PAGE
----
NOTICE REGARDING THE CURRENT OUTBREAK OF COVID-19

Supportive wind conditions influence offshore movements of Atlantic Coast Piping Plovers during fall migration

  • June 22, 2020
  • by Loring, P. H., McLaren, J. D., Goyert, H. F., & Paton, P. W. (2020).

Abstract

In advance of large-scale development of offshore wind energy facilities throughout the U.S. Atlantic Outer Continental Shelf (OCS), information on the migratory ecology and routes of federally threatened Atlantic Coast Piping Plovers (Charadrius melodus melodus) is needed to conduct risk assessments pursuant to the Endangered Species Act. We tagged adult Piping Plovers (n = 150) with digitally coded VHF transmitters at 2 breeding areas within the southern New England region of the U.S. Atlantic coast from 2015 to 2017. We tracked their migratory departure flights using a regional automated telemetry network (n = 30 stations) extending across a portion of the U.S. Atlantic Bight region, a section of the U.S. Atlantic coast, and adjacent waters of the Atlantic Ocean extending from Cape Cod, Massachusetts, to Cape Hatteras, North Carolina. Most adults departed within a 10-day window from July 19 to July 29, migrated nocturnally, and over 75% of individuals departed within 3 hr of local sunset on evenings with supportive winds. Piping Plovers migrated offshore directly across the mid-Atlantic Bight, from breeding areas in southern New England to stopover sites spanning from New York to North Carolina, USA, over 800 km away. During offshore migratory flights, Piping Plovers flew at estimated mean speeds of 42 km hr−1 and altitudes of 288 m (range of model uncertainty: 36–1,031 m). This study provides new information on the timing, weather conditions, routes, and altitudes of Piping Plovers during fall migration. This information can be used in estimations of collision risk that could potentially result from the construction of offshore wind turbines under consideration across large areas of the U.S. Atlantic OCS.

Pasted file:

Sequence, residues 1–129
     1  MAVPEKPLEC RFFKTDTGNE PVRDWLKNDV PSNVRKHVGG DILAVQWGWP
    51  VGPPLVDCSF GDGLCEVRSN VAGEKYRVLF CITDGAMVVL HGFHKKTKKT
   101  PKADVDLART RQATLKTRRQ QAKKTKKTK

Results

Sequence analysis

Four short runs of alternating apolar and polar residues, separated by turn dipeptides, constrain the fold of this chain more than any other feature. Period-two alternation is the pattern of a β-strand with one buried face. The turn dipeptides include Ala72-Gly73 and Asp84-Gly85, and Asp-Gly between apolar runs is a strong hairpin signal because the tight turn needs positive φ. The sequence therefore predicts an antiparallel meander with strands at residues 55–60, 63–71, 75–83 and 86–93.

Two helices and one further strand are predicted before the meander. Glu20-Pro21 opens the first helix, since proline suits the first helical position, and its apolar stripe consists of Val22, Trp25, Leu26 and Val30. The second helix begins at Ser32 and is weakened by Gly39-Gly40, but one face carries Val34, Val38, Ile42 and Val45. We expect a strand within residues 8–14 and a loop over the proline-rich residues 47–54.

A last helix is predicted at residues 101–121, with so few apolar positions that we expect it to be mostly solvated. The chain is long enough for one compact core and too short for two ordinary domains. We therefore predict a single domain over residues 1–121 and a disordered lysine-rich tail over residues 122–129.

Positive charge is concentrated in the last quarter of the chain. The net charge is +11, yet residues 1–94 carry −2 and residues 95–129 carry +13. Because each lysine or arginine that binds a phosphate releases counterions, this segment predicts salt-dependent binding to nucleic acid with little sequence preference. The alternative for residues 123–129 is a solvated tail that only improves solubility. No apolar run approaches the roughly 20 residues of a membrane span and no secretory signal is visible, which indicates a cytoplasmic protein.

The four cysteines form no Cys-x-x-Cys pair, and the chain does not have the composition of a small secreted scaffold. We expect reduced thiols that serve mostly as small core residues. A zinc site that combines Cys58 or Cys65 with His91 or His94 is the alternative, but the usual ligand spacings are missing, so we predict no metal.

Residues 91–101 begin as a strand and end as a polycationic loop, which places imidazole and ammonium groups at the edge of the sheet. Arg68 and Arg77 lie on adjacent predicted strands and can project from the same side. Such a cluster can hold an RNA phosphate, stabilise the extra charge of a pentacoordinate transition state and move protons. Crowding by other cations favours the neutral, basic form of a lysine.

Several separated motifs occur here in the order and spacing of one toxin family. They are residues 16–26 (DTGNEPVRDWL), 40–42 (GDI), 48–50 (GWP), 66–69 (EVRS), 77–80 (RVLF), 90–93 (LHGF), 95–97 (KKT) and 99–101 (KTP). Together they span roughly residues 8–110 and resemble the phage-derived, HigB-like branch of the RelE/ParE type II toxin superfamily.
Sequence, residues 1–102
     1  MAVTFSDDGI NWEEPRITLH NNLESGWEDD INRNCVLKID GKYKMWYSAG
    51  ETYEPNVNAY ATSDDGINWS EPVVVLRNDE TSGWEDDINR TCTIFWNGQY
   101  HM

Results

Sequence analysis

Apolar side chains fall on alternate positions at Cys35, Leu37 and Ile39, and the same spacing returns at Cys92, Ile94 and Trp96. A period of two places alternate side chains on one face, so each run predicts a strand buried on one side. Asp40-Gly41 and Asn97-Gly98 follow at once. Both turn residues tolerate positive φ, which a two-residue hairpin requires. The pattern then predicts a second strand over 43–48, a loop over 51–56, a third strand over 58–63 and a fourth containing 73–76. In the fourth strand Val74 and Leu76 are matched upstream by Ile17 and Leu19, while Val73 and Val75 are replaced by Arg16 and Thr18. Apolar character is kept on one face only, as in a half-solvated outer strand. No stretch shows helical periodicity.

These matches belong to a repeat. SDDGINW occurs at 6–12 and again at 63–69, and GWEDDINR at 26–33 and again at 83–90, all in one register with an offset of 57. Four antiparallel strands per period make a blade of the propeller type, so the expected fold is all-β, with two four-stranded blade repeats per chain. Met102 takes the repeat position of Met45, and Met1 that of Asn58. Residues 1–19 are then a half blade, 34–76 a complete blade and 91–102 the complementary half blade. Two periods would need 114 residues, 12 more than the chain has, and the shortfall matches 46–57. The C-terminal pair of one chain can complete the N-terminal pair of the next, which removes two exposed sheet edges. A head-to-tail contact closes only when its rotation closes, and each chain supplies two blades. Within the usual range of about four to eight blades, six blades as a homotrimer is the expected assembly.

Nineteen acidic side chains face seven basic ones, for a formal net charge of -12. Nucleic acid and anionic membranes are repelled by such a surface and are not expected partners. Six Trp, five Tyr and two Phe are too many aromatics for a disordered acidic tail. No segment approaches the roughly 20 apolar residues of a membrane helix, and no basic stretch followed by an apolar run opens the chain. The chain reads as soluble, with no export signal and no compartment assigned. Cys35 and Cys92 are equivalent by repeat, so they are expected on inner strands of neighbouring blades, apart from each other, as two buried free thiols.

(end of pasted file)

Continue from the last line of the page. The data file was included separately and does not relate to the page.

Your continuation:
PUBLICATION AVAILABLE AT: https://academic.oup.com/condor/article/122/3/duaa028/5860737#207338834